As we would anticipate from the polling conducted in advance Mrs May’s speech, what appears to have been particularly popular is the priority given in the Plan to controlling immigration. No less than 74% said that it was right to try and secure ‘control over immigration from European Union countries’. Even 54% of those who voted Remain felt that this was the case, confirming previous evidence that gaining some control appears to be popular across the EU referendum divide. At the same time, in response to a rather complex question 57% felt that it was right to have as a negotiating goal, ‘Britain will NOT try to remain inside the European single market, but will instead try to negotiate a new free trade deal with the EU giving us “the greatest possible” access to the single market’. Here, however, the referendum divide is still alive and kicking. While 82% of Leave voters believe it is right to have that objective, only 34% of Remain voters do. Presumably, the primary objection amongst the latter group is not that Mrs May is seeking too much access, but rather that ‘access’ to the single market is not good enough. If so, it implies that a key Brexit test for the government in the public’s eyes will be the extent to which it does appear to have succeeded in protecting the country’s economic interests while securing adequate control over immigration.

At the moment, public opinion remains rather doubtful about the economic benefits of Brexit, as was the case during the EU referendum campaign. Even after Mrs May’s speech, just 29% think Britain will be economically better off after Brexit, while 40% believe it will be worse off, figures that have shown little sign of shifting ever since last summer. However, what the Prime Minister’s speech does seem to have done is to increase expectations that immigration will fall. As many as 55% now think this will happen, up six points on the position immediately before the speech and well above the figure in any previous post-referendum poll. Perhaps the risk for the Prime Minister in prioritising immigration is that she increases expectations of what she will be able to deliver on that count.

In the meantime, however, giving the country some sense of direction about its plan for Brexit does seem to have helped persuade voters that the government might be able to handle the process competently after all. According to YouGov the proportion who think that the government is doing well at negotiating Brexit increased from a lowly 21% immediately before the Prime Minister’s speech to 33% afterwards. Those who voted Leave appear to have been particularly impressed – over half (54%) now think the government is doing well, up from 29% at the beginning of January – as have Conservative supporters, 69% of whom now think the government is doing well, compared with 43% at the turn of the year.  Still, with as many as 45% of all voters still reckoning the government is doing badly on Brexit, there is evidently still plenty of room for improvement when it comes to perceptions of the government’s ability to emerge with a good deal.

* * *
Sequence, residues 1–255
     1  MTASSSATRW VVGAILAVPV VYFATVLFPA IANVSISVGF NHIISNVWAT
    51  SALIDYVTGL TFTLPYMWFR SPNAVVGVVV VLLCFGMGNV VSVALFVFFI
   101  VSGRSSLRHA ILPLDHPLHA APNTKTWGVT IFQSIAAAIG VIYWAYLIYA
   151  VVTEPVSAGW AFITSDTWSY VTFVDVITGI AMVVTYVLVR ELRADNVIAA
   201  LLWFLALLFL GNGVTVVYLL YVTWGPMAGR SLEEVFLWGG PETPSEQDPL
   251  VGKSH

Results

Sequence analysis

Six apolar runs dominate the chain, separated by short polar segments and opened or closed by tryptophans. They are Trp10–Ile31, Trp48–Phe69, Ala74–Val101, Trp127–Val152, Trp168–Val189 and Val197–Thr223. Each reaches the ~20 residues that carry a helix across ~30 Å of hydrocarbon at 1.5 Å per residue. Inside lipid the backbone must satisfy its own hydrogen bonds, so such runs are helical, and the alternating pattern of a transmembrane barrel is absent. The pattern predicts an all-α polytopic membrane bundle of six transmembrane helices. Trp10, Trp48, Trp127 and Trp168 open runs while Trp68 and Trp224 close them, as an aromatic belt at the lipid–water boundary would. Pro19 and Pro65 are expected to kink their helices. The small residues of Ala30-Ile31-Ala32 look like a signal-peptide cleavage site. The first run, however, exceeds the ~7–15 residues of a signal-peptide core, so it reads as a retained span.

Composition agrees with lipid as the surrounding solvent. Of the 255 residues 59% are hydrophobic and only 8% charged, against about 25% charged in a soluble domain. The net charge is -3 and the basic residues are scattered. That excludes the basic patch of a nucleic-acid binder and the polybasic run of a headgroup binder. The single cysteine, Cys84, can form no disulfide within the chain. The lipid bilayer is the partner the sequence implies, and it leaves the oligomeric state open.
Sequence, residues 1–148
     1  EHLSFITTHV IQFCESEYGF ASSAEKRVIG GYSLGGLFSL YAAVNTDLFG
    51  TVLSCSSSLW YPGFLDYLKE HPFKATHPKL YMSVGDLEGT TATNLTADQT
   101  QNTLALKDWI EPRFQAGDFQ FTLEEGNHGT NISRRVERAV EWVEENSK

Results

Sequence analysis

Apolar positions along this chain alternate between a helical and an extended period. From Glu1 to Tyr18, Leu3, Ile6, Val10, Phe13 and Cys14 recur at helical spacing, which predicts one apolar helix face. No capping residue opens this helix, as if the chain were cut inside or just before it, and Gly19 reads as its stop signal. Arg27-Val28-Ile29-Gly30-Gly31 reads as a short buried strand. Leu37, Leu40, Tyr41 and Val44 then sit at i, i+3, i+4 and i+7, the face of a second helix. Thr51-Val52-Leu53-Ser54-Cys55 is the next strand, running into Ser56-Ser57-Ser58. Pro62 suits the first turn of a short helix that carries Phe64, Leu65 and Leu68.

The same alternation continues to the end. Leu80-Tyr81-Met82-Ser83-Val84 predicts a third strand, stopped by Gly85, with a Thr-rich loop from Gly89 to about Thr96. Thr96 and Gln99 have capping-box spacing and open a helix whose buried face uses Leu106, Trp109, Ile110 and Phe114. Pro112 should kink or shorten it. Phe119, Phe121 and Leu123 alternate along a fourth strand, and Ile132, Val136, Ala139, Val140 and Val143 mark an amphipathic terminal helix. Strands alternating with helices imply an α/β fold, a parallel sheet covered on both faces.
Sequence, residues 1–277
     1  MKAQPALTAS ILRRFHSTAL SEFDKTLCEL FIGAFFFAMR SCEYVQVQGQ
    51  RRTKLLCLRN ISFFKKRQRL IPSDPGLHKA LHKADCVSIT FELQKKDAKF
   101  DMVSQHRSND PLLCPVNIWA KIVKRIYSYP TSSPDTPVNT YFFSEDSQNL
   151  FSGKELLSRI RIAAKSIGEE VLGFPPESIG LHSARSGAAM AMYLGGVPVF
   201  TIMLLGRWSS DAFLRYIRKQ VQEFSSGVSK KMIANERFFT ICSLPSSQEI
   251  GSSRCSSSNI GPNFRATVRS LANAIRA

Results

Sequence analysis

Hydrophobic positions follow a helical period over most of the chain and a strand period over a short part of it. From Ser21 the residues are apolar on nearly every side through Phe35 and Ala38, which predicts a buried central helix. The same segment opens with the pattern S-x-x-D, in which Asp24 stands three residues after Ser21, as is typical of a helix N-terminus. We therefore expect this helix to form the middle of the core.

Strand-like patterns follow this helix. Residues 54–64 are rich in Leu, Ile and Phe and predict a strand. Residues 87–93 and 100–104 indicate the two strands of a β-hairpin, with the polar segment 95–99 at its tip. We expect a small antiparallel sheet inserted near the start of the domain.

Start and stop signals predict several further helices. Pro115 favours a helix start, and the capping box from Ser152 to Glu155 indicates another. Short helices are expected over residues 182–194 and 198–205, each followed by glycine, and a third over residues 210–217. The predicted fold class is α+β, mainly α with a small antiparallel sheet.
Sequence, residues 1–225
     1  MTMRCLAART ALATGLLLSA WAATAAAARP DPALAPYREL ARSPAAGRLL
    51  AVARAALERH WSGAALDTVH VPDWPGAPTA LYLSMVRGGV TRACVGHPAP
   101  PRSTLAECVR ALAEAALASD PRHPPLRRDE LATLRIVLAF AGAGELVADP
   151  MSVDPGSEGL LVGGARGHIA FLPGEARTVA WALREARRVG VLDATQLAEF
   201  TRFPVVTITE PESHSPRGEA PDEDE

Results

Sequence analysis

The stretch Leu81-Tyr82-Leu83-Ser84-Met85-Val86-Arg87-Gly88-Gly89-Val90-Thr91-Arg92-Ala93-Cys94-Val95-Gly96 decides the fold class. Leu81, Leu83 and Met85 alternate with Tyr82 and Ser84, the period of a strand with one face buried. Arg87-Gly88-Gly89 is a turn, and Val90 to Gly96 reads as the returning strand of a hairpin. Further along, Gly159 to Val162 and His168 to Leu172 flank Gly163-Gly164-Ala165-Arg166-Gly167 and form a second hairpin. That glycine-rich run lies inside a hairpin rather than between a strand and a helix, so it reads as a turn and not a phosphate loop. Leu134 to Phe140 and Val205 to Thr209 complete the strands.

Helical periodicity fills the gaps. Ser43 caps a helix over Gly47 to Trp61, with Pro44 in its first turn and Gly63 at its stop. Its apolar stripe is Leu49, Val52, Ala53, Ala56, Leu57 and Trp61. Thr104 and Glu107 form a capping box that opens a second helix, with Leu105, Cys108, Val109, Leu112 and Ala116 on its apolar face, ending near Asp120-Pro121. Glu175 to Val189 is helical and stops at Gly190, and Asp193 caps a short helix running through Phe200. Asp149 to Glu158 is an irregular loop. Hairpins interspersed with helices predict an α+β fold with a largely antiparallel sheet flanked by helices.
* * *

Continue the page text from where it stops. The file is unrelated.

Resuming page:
We should remember, though, that if the talks do go badly there is no guarantee that the UK government will get the blame. It may fall instead on the EU. It appears that many voters anticipate that Mrs May’s proposals will indeed not necessarily go down well in Brussels. Just 20% think that other member states will agree to the sort of Brexit deal that the Prime Minister has outlined. On this, those who voted to Remain (14% anticipate agreement) are largely at one with those who voted Leave (27%). But while this might mean that many Remain voters feel that the EU would be quite right to oppose Mrs May’s Plan, it could equally mean that many Leave voters feel that responsibility for the trouble they think is ahead lies with the EU.

At the moment, though, it appears that many voters are in accord with the Prime Minister in suggesting that, if necessary, the UK should leave the EU without a deal at all. YouGov found that 48% agree that ‘no deal is better than a bad deal’, while just 17% reckon we should take the best we can get even if  it falls short of what we might have hoped for. Meanwhile, ICM reported that in the event that no agreement is reached with the EU within two years, 49% reckon that the UK should leave without a deal, while only 33% that we should postpone or suspend the process of leaving. Having promised to play tough in the Article 50 negotiations, the Prime Minister may well find that voters now expect her to be seen to be doing so.

John Curtice

By John Curtice

John Curtice is Senior Research Fellow at NatCen, Professor of Politics at Strathclyde University, and Chief Commentator on the What UK Thinks: EU website.